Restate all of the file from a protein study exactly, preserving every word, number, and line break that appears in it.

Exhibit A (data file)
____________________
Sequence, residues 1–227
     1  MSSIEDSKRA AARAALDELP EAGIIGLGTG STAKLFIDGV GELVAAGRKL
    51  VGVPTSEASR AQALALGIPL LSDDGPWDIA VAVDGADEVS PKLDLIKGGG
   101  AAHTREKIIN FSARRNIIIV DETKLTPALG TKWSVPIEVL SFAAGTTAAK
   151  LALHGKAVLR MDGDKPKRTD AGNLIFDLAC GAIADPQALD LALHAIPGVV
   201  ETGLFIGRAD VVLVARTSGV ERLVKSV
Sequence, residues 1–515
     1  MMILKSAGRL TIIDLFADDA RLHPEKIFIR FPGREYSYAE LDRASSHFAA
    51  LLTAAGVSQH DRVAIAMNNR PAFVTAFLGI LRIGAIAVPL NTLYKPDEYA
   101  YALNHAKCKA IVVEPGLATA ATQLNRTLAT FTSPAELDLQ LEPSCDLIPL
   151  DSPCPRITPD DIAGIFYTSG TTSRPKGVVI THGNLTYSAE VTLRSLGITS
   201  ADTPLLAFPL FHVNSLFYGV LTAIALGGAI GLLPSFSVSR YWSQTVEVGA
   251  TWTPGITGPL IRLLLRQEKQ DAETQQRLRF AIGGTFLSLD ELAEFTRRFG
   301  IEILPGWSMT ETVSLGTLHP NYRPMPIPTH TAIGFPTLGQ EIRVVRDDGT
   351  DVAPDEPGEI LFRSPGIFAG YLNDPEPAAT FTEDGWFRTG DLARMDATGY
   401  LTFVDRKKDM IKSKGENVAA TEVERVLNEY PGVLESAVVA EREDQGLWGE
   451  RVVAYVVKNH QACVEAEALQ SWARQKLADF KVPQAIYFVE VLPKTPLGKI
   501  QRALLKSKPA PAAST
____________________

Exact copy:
Sequence, residues 1–227
     1  MSSIEDSKRA AARAALDELP EAGIIGLGTG STAKLFIDGV GELVAAGRKL
    51  VGVPTSEASR AQALALGIPL LSDDGPWDIA VAVDGADEVS PKLDLIKGGG
   101  AAHTREKIIN FSARRNIIIV DETKLTPALG TKWSVPIEVL SFAAGTTAAK
   151  LALHGKAVLR MDGDKPKRTD AGNLIFDLAC GAIADPQALD LALHAIPGVV
   201  ETGLFIGRAD VVLVARTSGV ERLVKSV
Sequence, residues 1–515
     1  MMILKSAGRL TIIDLFADDA RLHPEKIFIR FPGREYSYAE LDRASSHFAA
    51  LLTAAGVSQH DRVAIAMNNR PAFVTAFLGI LRIGAIAVPL NTLYKPDEYA
   101  YALNHAKCKA IVVEPGLATA ATQLNRTLAT FTSPAELDLQ LEPSCDLIPL
   151  DSPCPRITPD DIAGIFYTSG TTSRPKGVVI THGNLTYSAE VTLRSLGITS
   201  ADTPLLAFPL FHVNSLFYGV LTAIALGGAI GLLPSFSVSR YWSQTVEVGA
   251  TWTPGITGPL IRLLLRQEKQ DAETQQRLRF AIGGTFLSLD ELAEFTRRFG
   301  IEILPGWSMT ETVSLGTLHP NYRPMPIPTH TAIGFPTLGQ EIRVVRDDGT
   351  DVAPDEPGEI LFRSPGIFAG YLNDPEPAAT FTEDGWFRTG DLARMDATGY
   401  LTFVDRKKDM IKSKGENVAA TEVERVLNEY PGVLESAVVA EREDQGLWGE
   451  RVVAYVVKNH QACVEAEALQ SWARQKLADF KVPQAIYFVE VLPKTPLGKI
   501  QRALLKSKPA PAAST